# Return how many of them contain an even number of digits (in given array/vector)

what's better way to implement constraints and code style and structure.

A simple solution would look like this:

``````pub fn find_numbers(nums: Vec<i32>) -> i32 {
nums.iter().filter(|n| n.to_string().len() % 2 == 0).count() as i32
}
``````

If you want to add the assertions back in, you can do it like this:

``````pub fn find_numbers(nums: Vec<i32>) -> i32 {
assert!(nums.len() <= 500);
nums.into_iter().filter(|n| {
assert!(*n < 100000);
n.to_string().len() % 2 == 0
}).count() as i32
}
``````

You can also make this faster by computing the number of digits using division, instead of converting to a string:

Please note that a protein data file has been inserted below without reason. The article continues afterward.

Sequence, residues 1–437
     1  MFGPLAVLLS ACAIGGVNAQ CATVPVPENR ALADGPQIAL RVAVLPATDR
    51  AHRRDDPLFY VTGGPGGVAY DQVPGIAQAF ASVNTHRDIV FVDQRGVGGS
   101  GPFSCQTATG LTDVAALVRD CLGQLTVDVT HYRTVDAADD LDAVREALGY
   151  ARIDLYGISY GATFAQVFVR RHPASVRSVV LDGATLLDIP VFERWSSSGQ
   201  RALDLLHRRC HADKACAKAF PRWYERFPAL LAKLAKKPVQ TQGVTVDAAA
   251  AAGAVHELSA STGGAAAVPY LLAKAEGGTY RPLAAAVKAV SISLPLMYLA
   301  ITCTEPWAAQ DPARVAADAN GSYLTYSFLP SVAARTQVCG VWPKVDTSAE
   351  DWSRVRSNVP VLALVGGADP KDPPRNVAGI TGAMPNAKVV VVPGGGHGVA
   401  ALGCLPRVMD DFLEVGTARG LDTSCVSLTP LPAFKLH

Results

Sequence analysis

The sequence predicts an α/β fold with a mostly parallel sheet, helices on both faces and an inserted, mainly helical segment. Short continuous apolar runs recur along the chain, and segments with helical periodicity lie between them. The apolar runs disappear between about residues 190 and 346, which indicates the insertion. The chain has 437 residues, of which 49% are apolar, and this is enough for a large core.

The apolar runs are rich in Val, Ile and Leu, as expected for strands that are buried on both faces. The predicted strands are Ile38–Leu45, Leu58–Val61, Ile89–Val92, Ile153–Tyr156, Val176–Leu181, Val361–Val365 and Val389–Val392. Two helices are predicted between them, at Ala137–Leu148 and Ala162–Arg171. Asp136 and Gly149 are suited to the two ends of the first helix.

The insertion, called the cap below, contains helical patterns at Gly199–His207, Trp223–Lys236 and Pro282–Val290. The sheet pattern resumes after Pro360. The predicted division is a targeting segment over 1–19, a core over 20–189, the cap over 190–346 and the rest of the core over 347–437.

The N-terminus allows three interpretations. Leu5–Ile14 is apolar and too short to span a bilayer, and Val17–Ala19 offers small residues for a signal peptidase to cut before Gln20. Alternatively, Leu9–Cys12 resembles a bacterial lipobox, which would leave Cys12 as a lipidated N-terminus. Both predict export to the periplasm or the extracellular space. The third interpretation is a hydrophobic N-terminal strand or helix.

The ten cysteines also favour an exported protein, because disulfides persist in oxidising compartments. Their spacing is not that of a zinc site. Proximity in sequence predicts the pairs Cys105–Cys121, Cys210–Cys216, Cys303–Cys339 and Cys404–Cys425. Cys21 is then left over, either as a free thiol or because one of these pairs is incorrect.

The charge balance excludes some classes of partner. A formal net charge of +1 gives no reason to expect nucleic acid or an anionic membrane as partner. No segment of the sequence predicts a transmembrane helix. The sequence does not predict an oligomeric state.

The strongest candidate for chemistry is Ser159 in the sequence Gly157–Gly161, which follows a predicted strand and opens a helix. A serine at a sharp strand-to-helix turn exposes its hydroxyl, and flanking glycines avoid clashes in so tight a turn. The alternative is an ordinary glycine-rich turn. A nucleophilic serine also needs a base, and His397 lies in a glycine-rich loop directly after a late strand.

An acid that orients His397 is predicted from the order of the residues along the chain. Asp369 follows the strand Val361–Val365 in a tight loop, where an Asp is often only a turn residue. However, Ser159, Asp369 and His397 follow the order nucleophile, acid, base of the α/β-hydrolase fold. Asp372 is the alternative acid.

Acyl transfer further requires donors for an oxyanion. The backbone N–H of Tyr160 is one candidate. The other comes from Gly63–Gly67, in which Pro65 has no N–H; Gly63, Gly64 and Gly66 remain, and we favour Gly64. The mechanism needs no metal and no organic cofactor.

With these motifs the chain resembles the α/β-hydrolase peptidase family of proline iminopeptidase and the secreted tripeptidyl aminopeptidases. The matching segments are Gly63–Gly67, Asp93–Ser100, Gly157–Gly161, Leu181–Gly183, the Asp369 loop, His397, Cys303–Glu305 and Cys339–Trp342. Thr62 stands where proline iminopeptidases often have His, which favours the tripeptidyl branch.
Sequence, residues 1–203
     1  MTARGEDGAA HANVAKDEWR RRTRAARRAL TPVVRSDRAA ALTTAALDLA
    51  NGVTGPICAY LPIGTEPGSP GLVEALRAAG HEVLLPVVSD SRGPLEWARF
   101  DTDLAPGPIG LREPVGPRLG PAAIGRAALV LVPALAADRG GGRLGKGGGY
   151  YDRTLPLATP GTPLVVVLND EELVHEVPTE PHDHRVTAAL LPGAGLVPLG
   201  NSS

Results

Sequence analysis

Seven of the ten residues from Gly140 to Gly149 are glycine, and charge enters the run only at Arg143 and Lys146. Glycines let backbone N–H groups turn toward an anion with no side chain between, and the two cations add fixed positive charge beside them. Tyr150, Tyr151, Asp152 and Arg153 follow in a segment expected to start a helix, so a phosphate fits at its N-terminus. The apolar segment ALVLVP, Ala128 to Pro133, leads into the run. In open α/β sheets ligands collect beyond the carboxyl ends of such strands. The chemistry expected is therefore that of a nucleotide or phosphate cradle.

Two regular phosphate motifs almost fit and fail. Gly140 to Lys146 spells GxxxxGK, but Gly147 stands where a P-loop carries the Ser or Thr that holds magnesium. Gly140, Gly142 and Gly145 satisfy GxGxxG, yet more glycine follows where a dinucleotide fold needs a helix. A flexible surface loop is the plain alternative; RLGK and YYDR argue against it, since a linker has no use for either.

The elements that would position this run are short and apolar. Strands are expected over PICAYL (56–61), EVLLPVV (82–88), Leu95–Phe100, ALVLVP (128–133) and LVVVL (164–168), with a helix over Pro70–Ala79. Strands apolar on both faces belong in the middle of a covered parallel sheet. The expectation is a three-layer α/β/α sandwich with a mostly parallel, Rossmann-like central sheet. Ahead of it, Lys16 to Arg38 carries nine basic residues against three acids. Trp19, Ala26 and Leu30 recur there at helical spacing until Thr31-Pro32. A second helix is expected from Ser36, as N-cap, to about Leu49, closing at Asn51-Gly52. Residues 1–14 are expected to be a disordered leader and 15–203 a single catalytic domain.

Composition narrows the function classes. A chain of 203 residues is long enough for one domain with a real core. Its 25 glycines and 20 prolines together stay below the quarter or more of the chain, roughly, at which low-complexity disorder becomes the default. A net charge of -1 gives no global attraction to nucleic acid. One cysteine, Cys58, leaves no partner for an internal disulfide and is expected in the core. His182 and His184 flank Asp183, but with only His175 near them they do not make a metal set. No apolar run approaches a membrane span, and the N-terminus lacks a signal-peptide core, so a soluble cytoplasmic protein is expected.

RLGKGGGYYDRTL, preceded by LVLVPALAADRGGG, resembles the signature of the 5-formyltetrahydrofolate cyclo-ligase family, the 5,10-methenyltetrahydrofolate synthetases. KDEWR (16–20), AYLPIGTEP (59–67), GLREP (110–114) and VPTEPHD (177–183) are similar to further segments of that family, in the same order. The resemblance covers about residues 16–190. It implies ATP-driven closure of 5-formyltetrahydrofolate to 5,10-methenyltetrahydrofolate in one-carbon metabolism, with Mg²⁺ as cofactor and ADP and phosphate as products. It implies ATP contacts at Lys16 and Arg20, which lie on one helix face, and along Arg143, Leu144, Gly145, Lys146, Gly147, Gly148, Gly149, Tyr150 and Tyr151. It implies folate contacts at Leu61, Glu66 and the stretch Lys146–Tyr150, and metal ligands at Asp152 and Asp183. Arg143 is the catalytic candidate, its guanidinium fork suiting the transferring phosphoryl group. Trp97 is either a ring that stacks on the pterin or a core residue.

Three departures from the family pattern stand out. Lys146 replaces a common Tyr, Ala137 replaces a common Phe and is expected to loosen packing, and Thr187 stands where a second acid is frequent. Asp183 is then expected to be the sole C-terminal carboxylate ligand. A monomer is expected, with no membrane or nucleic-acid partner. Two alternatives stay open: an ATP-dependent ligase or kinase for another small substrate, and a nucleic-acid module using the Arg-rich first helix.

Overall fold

``````use std::iter::successors;

fn len(n: i32) -> i32 {
successors(Some(n), |&i| (i >= 10).then(|| i / 10)).count() as i32
}

pub fn find_numbers(nums: Vec<i32>) -> i32 {
nums.into_iter().filter(|n| len(*n) % 2 == 0).count() as i32
}
``````
4 Likes

Here's a couple over-optimized versions. That's the mindset I go into when I see code problems like this, I guess. Given the constraints, you don't really need this and might as well use @mbrubeck's simpler versions.

A general note about the constraints though: when code competitions or problem sets like this tell you the constraints, they are generally telling you what you can assume about the inputs (so you know what cases you have to handle), and not rules that you have to enforce. As in @mbrubeck's main examples, you don't actually need most (arguably, all) of the assertions in my versions. Since you asked about the constraints specifically, I left them in.

3 Likes

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